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Old 01-03-2012, 03:05 PM
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Originally Posted by proveick View Post
Another good article about the snowpack here, not good.
Snowpack Alarmingly Low As Dry Spell Continues In Colorado Mountains
The last weird year I remember like that was winter of 2003-2004. Very dry start with sporadic snowfalls and then a heat wave in early March and by the time we got a bunch of snow in late March early April it was too late, the season was ruined.

Most of the years since there has been a bunch of above normal snowfalls, so one can only expect a dry year at some point.
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Old 01-03-2012, 04:32 PM
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Originally Posted by wanneroo View Post
Most of the years since there has been a bunch of above normal snowfalls, so one can only expect a dry year at some point.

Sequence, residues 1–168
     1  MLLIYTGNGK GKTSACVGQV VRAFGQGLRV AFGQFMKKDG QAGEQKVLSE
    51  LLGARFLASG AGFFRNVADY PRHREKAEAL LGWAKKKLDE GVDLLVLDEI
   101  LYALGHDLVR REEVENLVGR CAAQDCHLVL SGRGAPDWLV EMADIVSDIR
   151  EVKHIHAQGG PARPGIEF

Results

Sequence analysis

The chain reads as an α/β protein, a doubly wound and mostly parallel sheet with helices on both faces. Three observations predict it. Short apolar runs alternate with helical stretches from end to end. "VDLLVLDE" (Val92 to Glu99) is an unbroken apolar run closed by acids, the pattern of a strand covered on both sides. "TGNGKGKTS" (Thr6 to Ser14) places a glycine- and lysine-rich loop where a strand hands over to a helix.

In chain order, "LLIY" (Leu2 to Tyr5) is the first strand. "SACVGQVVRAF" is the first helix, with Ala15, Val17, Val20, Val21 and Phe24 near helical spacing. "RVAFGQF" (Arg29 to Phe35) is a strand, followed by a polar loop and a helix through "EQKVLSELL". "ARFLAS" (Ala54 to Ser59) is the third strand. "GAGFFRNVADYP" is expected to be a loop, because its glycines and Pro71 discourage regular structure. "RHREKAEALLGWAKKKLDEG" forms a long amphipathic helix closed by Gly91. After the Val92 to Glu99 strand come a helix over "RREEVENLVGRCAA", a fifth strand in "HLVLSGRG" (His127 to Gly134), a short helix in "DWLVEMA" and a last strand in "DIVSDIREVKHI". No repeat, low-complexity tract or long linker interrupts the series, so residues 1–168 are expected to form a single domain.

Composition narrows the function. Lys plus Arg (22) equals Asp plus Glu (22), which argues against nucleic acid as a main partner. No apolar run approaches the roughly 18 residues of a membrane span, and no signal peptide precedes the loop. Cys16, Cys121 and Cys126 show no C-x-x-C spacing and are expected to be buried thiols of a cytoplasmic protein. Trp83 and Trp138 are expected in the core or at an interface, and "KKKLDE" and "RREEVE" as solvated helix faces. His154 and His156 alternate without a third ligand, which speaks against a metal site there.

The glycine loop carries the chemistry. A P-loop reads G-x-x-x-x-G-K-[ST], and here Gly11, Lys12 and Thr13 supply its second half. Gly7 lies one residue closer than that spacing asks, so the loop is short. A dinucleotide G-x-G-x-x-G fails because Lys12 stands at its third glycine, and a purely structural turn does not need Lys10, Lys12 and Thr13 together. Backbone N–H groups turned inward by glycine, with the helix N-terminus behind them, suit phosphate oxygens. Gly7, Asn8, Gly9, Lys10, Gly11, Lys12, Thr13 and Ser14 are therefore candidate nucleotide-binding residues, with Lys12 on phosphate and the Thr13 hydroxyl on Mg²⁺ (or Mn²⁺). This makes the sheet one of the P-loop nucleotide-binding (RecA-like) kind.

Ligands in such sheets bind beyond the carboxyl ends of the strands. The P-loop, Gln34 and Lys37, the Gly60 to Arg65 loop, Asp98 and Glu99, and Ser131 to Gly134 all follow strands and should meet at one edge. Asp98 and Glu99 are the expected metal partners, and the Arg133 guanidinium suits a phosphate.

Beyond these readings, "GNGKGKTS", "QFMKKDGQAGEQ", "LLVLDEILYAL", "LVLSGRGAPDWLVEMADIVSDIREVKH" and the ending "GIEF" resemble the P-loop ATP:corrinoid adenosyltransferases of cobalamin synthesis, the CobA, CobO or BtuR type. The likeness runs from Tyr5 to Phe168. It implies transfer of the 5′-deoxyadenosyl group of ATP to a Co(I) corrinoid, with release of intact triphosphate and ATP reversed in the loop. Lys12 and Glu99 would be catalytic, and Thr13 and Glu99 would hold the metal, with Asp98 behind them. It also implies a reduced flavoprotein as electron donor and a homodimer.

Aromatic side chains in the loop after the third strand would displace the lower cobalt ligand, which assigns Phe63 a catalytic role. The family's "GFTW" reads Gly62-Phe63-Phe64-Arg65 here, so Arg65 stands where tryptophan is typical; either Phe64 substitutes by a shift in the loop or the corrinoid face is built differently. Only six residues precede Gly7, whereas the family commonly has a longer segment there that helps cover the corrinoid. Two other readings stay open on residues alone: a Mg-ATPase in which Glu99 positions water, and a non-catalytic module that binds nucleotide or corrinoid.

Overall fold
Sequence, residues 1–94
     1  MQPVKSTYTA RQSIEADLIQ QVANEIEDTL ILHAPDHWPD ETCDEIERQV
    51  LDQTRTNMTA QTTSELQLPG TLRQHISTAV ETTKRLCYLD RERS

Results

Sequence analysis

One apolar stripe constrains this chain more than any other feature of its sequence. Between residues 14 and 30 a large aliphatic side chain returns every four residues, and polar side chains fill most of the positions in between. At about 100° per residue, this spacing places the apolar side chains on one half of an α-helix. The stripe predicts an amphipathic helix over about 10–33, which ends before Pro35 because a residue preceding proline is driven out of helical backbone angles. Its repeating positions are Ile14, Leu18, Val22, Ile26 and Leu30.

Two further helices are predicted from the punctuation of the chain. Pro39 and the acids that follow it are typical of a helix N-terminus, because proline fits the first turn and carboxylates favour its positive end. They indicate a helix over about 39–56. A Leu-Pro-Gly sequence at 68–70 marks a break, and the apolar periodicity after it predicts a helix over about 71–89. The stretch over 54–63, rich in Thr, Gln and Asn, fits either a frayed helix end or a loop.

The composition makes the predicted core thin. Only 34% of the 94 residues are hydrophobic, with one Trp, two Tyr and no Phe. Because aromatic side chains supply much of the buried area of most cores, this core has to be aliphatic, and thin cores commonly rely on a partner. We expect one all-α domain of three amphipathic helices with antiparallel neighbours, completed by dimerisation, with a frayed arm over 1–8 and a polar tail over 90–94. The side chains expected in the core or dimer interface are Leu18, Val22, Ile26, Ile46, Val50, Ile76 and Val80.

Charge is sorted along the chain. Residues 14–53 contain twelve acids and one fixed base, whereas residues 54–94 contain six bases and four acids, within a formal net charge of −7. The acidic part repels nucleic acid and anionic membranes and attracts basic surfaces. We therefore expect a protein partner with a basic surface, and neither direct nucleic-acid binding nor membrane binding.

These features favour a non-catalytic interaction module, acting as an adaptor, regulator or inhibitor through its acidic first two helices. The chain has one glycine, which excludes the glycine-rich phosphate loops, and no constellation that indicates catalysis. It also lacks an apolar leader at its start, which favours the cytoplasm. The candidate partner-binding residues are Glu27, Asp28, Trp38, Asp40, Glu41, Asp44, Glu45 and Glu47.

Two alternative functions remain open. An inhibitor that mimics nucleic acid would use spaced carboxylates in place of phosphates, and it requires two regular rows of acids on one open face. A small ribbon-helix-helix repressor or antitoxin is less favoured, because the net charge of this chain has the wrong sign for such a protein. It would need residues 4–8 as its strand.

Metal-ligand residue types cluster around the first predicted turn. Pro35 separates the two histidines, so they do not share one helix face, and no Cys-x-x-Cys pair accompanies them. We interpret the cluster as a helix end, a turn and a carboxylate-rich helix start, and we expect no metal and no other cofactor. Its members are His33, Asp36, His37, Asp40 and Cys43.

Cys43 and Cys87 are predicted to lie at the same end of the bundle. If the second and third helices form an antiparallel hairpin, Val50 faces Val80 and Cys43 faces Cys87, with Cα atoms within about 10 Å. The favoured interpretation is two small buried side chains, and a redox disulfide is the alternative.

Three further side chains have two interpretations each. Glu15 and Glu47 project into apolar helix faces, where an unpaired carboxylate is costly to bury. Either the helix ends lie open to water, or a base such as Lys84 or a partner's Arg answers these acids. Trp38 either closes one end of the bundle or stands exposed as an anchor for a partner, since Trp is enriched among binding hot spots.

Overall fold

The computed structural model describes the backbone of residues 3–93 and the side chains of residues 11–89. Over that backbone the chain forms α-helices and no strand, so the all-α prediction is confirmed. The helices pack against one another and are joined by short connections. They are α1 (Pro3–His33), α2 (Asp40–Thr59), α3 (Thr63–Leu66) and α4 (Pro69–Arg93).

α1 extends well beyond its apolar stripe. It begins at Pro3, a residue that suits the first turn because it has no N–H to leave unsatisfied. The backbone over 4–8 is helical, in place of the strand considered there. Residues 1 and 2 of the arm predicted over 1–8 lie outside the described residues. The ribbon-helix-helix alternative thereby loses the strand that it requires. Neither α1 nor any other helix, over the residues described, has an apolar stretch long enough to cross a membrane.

That really isn't true. Most recent years have seen pretty uneven snowpacks from region to region in Colorado--some near normal, some above normal, some below normal. In most of the southern areas of the state, the majority of winters over the last 10 years have seen below normal snowpack. Northern areas of Colorado fared pretty well last winter season, but a lot of southern Colorado was dry. This season, it appears that the La Nińa is even stronger, which means drought conditions may be both more severe in southern Colorado and extend northward into Wyoming.

As of today, much of the southern mountains of Colorado have not has any significant snowfall for nearly a month, with temperatures well above normal and humidities below normal. What snow there is actually sublimating its moisture content to the atmosphere and little moisture is going into the ground at all. As I mentioned earlier, the USDA Drought Monitor forecast was pretty bleak looking ahead at the rest of the winter for most of the mountain areas of southern Colorado--it was issued before the dryness of the last month, so even it is now probably over-optimistic.
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